COLLABORATION IS KEY For us it is about focus and industry-wide collaboration. Throughout our innovation process we are ensuring we are considering sustainability for every product and process improvement. This is not always straightforward, but it is a critical cultural change to ensure we are achieving each of our eight 2025 sustainability goals, which we set out in 2015 based on the natural step methodology. One of the goals is to ensure 70 per cent of our products and solutions will conform to, or will enable end-products to conform to, our environmental and social guiding principles. The combination of these goals, the level of our chief executive and leadership commitment, and the empowerment of 26,000 employees worldwide adds up to an unique approach. Equally, it is clear that to really drive change across the whole value chain we need to be collaborating much more across the industry. We have built a number of significant partnerships within the industry and are continuing to build more. Our supply partners are key to us in achieving our sustainability goals, which is why we have partnered with EcoVadis to operate a collaborative dashboard providing sustainability ratings and performance improvement tools for global supply chains. We also have an ongoing relationship with the World Wildlife Fund (WWF) and are part of the Climate Savers programme. Very recently we supported the WWF with a $100,000 grant to support the Forest Owners’ Sustainable Development Association of Thua Thien-Hue province in Vietnam. We invented pressure-sensitive materials and we have more than 300 research and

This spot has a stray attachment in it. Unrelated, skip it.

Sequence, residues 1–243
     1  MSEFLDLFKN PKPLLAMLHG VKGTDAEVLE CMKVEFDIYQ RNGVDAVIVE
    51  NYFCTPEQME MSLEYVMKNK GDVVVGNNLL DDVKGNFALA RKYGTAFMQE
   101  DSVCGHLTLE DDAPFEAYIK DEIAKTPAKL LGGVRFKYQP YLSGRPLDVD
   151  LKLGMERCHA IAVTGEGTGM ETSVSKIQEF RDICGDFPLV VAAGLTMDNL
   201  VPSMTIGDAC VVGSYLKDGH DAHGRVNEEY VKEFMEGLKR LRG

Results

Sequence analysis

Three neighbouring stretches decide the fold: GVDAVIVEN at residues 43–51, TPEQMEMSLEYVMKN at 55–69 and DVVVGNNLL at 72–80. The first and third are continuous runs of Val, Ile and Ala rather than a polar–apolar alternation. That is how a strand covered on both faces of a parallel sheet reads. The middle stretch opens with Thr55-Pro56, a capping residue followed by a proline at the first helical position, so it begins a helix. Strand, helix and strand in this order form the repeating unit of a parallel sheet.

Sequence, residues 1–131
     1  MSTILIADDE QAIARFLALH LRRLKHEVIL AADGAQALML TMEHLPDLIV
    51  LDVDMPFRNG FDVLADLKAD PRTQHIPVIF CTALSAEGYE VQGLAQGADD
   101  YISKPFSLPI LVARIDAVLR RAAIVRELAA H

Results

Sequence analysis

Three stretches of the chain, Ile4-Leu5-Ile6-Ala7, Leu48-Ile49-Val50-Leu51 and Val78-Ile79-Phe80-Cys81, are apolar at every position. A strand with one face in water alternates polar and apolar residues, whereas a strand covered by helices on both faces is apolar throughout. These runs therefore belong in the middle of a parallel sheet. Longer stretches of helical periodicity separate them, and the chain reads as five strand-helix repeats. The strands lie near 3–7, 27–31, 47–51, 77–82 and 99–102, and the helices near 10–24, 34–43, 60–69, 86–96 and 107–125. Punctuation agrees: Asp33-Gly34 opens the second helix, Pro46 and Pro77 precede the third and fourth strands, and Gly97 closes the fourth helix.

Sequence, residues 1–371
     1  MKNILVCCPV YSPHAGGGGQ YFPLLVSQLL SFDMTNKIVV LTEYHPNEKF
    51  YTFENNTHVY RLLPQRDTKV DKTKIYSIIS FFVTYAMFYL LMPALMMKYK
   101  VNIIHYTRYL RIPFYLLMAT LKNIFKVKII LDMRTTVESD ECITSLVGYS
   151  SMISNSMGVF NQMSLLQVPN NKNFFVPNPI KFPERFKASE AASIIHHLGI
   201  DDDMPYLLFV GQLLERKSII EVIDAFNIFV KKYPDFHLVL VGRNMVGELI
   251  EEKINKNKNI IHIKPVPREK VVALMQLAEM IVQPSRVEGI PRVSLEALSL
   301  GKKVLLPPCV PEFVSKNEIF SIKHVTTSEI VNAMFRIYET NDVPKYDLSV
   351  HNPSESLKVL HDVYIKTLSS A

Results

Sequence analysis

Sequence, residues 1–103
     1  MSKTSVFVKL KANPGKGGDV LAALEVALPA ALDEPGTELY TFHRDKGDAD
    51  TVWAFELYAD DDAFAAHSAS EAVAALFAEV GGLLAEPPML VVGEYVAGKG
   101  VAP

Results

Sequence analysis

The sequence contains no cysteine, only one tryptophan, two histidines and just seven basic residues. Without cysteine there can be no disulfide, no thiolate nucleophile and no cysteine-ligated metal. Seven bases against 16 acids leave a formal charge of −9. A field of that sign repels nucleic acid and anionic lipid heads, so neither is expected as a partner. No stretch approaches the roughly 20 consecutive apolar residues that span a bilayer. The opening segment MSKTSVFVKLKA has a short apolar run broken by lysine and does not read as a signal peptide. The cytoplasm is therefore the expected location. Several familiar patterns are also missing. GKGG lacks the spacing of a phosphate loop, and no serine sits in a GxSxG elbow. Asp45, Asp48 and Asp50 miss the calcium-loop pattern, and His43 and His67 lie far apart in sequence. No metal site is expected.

development professionals continually working to reinvent those materials every day. We are focused on not only evolving the applications for our materials, but also their sustainable footprint. For example, we have continued to set the standard on the lowest gauge of materials – the thinness – enabling less material to be used, but with the same overall product performance. Reducing the amount of materials used in the first place is our key objective.

RECYCLABILITY RFID also plays a central role in reducing the overall wastage within supply chains, which in turn contributes towards sustainability goals. As the world’s largest ultra-high frequency RFID partner, Avery Dennison has focused on producing the most sustainable solution that, as well as driving significant benefits through the supply chain, is now recyclable. Our proprietary SmartFace technology removes the PET (polyethylene terephthalate) layers used commonly in RFID manufacturing and replaces them with a paper substrate to enable recyclability. We think about recycling in two ways: building demand for recycled content and enabling the recyclability of the package it is affixed to. A common challenge with labels in the recycling process of plastic containers is that the label material, adhesive and ink can contaminate the plastic flake. To overcome this challenge, we developed a label solution called CleanFlake that enables full recyclability of any PET bottle or thermoform by allowing labels to separate cleanly. Similarly, we have a product alled WashOff which removes cleanly from glass or PET containers when submerged in hot water. Finally, we are helping our value chain by finding recycling solutions in each of the process steps. At label application, a release liner is left behind as labels are dispensed on to the packaging. Instead of the release liner being sent to landfill, we are finding local recyclers that can recycle the liner into new products. A recent successful collaboration is

with L’Oréal in Australia which is now recycling its liner material into pulp material for packaging. 


October 2018